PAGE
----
One year ago, the elected government of Myanmar was deposed by military authorities. At that time, I explained that the issues surrounding this coup, its legality under the constitution and the effect on democracy in Myanmar were not within the mandate of the Independent Investigative Mechanism for Myanmar. This is because the coup itself did not qualify as a “serious international crime,” a term defined in our Terms of Reference as including only genocide, war crimes and crimes against humanity. However, I explained that given the tragic history of the Myanmar military using violence against political opponents, the Mechanism was concerned and would be closely following events. I explained that if it appeared that crimes against humanity or war crimes were being committed, the Mechanism would fulfill our mandate to collect the evidence and build files that could facilitate criminal prosecutions of those persons responsible in national, regional or international courts.
Tragically, reports received over the last year suggest that well over a thousand individuals have been killed in circumstances that may qualify as crimes against humanity or war crimes. The security forces have detained thousands of civilians in circumstances that include credible allegations of arbitrary detention, torture, sexual violence and even killings while in detention. The Mechanism is working diligently to substantiate and document the facts underlying these reports to establish whether these crimes were committed and if so, who is criminally responsible, and to prepare files that could facilitate prosecutions. The Mechanism has been able to gather a great deal of relevant material concerning these events and we are adding information and evidence to our files almost daily.
The Mechanism is very grateful to the many thousands of persons and organizations that have shared evidence relevant to our examination of serious international crimes in Myanmar. We are committed to doing all we can to assure the safety and security of those with whom we interact and will make every effort to build cases so that their brave contributions to justice in Myanmar are not made in vain.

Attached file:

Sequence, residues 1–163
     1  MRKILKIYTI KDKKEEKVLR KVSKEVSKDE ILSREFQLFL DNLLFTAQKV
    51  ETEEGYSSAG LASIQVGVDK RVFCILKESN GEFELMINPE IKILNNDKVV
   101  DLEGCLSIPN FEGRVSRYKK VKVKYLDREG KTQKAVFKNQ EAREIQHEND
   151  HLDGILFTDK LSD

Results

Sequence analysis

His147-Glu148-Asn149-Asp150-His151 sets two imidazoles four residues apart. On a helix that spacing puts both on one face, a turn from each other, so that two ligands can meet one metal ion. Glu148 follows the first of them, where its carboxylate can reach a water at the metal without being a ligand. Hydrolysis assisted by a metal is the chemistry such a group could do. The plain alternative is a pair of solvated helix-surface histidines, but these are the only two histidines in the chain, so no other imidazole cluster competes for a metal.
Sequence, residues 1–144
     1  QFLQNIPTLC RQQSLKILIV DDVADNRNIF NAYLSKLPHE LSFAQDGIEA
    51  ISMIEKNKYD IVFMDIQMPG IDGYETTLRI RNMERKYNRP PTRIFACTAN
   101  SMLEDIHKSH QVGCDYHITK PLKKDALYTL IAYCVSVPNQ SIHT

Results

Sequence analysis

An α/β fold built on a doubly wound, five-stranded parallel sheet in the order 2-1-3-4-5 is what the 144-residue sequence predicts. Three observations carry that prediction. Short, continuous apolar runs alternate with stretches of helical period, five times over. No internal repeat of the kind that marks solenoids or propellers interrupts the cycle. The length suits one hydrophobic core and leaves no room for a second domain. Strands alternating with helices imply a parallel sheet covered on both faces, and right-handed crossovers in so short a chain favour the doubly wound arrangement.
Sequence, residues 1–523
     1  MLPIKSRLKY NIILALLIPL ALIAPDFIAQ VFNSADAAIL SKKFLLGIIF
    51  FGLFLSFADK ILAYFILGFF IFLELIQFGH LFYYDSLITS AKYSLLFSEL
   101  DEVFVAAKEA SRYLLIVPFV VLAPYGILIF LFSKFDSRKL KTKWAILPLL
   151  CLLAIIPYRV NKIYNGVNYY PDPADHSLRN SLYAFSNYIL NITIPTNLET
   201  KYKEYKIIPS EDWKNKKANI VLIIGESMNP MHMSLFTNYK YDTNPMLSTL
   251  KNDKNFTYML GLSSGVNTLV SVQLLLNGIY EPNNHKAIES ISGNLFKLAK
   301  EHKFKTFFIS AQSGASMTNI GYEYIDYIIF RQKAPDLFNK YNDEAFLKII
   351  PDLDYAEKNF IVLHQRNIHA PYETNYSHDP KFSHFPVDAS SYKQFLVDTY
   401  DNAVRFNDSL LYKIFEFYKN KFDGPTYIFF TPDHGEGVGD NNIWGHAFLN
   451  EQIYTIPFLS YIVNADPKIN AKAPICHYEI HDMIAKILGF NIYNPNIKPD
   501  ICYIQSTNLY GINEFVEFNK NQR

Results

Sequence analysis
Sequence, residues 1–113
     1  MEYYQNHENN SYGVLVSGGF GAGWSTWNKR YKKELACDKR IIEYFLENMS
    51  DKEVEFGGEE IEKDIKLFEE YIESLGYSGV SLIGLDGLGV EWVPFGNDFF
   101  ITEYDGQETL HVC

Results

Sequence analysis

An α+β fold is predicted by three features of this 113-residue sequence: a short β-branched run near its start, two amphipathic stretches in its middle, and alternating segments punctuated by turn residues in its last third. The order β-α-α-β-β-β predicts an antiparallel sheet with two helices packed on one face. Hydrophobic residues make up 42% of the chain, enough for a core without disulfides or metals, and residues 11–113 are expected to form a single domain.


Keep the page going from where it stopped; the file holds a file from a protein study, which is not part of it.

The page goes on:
Investigations of serious international crimes are always challenging. It typically takes a long time and significant resources to build good cases. The Mechanism is using all possible strategies and innovations to gather and verify evidence in order to build strong case files that can facilitate prosecutions in national and international courts.
The cooperation of States where the evidence and witnesses are located is essential. The Mechanism is grateful to the many States providing ongoing cooperation and looks forward to strengthening and deepening such cooperation in order to advance its mandate.
Governments all over the world have been unanimous in calling for a cessation of the violence by all parties now being inflicted on the people of Myanmar. ASEAN, in particular, has made the immediate cessation of violence, the very first point of its Five Point Consensus. The work of the Mechanism, by collecting evidence of the very worst international crimes, complements these efforts to end the violence.
The Mechanism is closely watching events and working to fulfill its mandate. Those who are considering committing crimes should be aware that serious international crimes have no statute of limitations. International justice has a very long memory and one day the perpetrators of the most serious international crimes in Myanmar will be held to account.